What about King Charles, I hear you argue? Well, I agree that it’s going to be more than interesting to see whether he can keep his mouth shut about architecture, organic farming and global warming. Maybe not? But he has, at least, spent 73 years being taught that the office he now holds is much bigger than he is. He has ‘skin in the game’, in the sense that he would not wish to be the last monarch in history, nor would he wish to ‘queer the pitch’ for his children, grandchildren or great-grandchildren. Or am I wrong?

The republican website I’ve mentioned above gives three examples which, according to them, reflect why an elected Head of State system would be successful. I doubt they could have chosen three more shockingly bad cases!

Their first case is the Speaker of the House of Commons. That’s embarrassing, in the light of the previous holder of this office – John Bercow. It would be almost impossible to think of a worse example than his ten years in office, which included, right at the end of his term, deliberately ignoring the parliamentary rules that were designed to direct his work and ensure the independence of the office of Speaker. At the same time, we found out, mostly to our astonishment, that there was no mechanism by which a sitting Speaker could be removed from office. Bercow developed a bullying and hectoring style that made millions of people squirm.

Their second example is that of the Chairman of the BBC. I think most people would struggle to think of a single one of those who was a shining example of hands-off, independent, ego-free, servant-based leadership. Rather the exact opposite, sadly.

Their final example is Michael D Higgins, the elected President of Eire. He’s a poet, and therefore surely the epitome of self-effacement? And he’s an example of all the qualities you need in an independent President? Well……only two years ago, he refused to attend a service of reflection, reconciliation and hope for the future of Northern Ireland. In refusing the invitation, he stated that in addition to his misgivings about the service itself, he had been written to as ‘President of the Republic of Ireland’ which he was not. He was, he said, ‘President of Ireland.’ I love Ireland and the Irish and spent a lot of my childhood and youth there. But I can hardly think of a statement that was more calculated to stoke tensions in such a bitterly divided island. However ‘republican’ or anti-royalist you might be, it’s impossible to think of a member of our Royal Family acting in such a crass and provocative way.

When I was thinking of writing this article, I found myself reading several articles advocating an elected Head of State and termination of the monarchy. What struck me forcibly was that not one of them actually put forward a model of what they’d like to see; they all simply attacked the concept of a hereditary monarchy per se. I fear that the truth is that any elective system would almost certainly result, sooner or later, in a head-on collision between elected Prime Minister and elected Head of State, both of whom would claim to hold legitimacy that trumped that of the other, and particularly so if there was a difference in the timing of the two elections.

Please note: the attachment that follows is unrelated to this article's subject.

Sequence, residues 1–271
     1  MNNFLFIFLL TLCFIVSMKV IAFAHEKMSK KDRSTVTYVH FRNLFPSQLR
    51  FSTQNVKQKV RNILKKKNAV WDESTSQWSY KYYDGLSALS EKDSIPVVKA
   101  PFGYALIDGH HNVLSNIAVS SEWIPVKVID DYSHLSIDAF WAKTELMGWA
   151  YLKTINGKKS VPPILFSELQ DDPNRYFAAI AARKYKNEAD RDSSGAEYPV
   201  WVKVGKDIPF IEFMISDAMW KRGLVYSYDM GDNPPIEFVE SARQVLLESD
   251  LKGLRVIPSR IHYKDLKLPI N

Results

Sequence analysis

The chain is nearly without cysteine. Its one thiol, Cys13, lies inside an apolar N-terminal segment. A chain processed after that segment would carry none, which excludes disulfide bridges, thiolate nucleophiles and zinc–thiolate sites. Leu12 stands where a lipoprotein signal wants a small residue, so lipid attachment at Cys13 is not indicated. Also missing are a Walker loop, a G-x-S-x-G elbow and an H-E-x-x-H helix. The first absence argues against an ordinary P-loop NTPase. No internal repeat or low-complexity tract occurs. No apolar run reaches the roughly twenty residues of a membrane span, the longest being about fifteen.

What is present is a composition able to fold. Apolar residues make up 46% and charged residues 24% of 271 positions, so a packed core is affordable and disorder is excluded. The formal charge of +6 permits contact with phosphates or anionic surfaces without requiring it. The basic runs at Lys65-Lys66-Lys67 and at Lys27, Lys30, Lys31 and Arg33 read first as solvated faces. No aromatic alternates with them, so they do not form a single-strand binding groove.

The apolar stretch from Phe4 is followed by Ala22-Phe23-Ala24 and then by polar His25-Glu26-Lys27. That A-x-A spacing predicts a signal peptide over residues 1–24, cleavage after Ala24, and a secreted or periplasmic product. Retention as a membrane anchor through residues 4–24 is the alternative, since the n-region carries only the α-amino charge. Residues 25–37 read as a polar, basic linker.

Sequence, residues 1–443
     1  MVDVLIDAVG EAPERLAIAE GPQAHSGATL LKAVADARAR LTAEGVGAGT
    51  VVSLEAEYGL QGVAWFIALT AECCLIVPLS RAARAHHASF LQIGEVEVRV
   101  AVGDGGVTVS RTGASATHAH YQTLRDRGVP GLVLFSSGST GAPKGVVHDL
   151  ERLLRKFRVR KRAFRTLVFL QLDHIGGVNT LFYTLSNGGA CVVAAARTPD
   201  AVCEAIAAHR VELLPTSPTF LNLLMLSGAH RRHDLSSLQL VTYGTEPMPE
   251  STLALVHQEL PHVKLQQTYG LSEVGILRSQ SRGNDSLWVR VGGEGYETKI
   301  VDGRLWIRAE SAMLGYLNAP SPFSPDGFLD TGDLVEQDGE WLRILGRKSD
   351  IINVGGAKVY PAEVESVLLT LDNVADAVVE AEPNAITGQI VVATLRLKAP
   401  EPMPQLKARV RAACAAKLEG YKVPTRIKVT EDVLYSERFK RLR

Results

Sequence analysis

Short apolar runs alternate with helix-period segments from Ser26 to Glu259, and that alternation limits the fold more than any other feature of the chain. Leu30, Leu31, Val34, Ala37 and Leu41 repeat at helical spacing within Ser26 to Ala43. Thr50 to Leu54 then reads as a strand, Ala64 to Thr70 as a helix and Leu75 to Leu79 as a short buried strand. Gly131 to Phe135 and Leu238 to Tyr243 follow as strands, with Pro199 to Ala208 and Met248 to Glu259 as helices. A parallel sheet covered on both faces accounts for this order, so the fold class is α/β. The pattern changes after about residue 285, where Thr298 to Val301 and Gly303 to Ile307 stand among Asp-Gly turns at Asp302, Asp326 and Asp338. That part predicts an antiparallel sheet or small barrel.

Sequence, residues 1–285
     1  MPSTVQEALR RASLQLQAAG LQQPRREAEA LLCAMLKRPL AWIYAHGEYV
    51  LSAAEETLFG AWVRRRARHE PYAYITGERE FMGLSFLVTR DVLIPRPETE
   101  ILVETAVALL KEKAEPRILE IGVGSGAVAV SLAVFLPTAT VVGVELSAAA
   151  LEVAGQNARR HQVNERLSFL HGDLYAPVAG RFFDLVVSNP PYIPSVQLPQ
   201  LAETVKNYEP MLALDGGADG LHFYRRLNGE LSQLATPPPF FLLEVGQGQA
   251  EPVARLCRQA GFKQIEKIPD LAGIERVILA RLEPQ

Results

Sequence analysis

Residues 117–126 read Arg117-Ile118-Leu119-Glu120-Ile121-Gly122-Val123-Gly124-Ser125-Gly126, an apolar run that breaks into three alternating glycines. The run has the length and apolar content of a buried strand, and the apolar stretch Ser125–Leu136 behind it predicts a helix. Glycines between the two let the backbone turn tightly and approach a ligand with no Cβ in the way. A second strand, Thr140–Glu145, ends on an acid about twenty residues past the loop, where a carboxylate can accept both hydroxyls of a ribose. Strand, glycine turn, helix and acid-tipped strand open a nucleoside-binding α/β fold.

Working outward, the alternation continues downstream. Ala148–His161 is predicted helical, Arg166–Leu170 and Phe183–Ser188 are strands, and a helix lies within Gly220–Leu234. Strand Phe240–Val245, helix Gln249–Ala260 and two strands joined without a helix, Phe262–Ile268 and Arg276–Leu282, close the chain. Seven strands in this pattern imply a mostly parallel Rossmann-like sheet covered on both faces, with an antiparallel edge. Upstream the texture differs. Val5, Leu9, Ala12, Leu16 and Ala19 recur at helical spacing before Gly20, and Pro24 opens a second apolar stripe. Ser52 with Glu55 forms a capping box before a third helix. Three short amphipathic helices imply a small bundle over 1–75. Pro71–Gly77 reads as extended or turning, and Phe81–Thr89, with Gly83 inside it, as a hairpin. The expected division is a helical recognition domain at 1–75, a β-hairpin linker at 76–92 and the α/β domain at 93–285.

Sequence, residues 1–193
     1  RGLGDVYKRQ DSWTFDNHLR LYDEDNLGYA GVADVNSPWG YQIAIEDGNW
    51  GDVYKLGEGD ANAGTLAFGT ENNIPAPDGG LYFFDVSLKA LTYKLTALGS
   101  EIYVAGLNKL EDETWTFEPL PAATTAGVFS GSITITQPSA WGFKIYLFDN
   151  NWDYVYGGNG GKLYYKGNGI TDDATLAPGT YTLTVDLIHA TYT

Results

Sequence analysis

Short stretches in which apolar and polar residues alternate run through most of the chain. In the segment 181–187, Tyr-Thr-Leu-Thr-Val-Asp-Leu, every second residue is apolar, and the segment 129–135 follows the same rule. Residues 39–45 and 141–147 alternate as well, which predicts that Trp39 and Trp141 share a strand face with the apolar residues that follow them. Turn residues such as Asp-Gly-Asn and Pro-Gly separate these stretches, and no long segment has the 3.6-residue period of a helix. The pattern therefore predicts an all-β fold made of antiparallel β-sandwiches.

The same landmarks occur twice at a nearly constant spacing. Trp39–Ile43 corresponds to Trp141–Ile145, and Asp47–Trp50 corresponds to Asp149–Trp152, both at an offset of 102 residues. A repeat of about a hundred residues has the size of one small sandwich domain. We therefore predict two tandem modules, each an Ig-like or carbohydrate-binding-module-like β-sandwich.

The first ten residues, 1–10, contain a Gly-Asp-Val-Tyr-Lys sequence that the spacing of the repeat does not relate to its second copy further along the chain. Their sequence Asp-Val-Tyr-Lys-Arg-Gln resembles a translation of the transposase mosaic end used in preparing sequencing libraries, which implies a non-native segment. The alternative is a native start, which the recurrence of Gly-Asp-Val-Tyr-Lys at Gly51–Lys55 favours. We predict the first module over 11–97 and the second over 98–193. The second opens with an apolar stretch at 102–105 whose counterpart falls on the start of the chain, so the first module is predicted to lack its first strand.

Of course, I’ve lived only during the reign of a very good (I think I’d even say superb) Queen. What if in years to come, we found that we had a new monarch who was about as unpopular as our late Queen was popular? Well, I think I can safely say that, historically in these islands, we’ve been very skilled at getting rid of monarchs who’d outstayed their welcome. And of course, in the modern world, there’d be no need for a ‘storming of the Bastille’. All that would be required would be a quiet conversation between the Prime Minister and the wayward monarch, along the lines of: ‘Either, Your Majesty, you abdicate in favour of X, or we’ll take action to dismantle the monarchy for ever.’ Why could we not do the same with an elected republican President? Simply because such a person would have no ‘skin in the game’. ‘President Blair’ to use that unhappy title, would simply not care if he was booted out, and would therefore fight to the death.

So, in conclusion, do I think a case can be made for a hereditary monarchy, for continuation of the status quo? Maybe such an idea can only really work in a country with a very long history, such as ours, and a tolerant culture that’s famous for its addiction to muddled compromises? A good example is that, so far, we’ve declined to make ‘Assisted Suicide’ legal (I might add, despite the very best efforts of the BBC). The result is that it’s still illegal to help someone to commit suicide, but in practice hardly any cases are ever brought and those that are, tend to be dismissed. Personally, I’m very happy with this muddle. Absolute clarity and logic is not always the best course.

The biblical quotation above comes from the first chapter of Acts. The background to the story was that when it was necessary for a replacement to be selected for Judas Iscariot, after the resurrection, the disciples ‘cast lots’ and Matthias was appointed. I believe that the Coptic Pope is to this day selected by the casting of lots. This would perhaps be better than election, but there would, of course, be a few downsides!

Maybe it’s impossible to justify hereditary monarchy. The historian David Starkey thinks that we are (and need to continue to be) a ‘monarchical republic’. I find that to be a good, British compromise and worthy of testing over the next generation of British monarchs. And if it doesn’t work, I’ll be rooting for change, along with everyone else!

Heavenly Father, guide our new King, Charles. May he follow the superb role model of his late mother, and act with wisdom, patience, restraint, humility, self-denial and self-sacrifice. For in that way, he’ll be a good King. Amen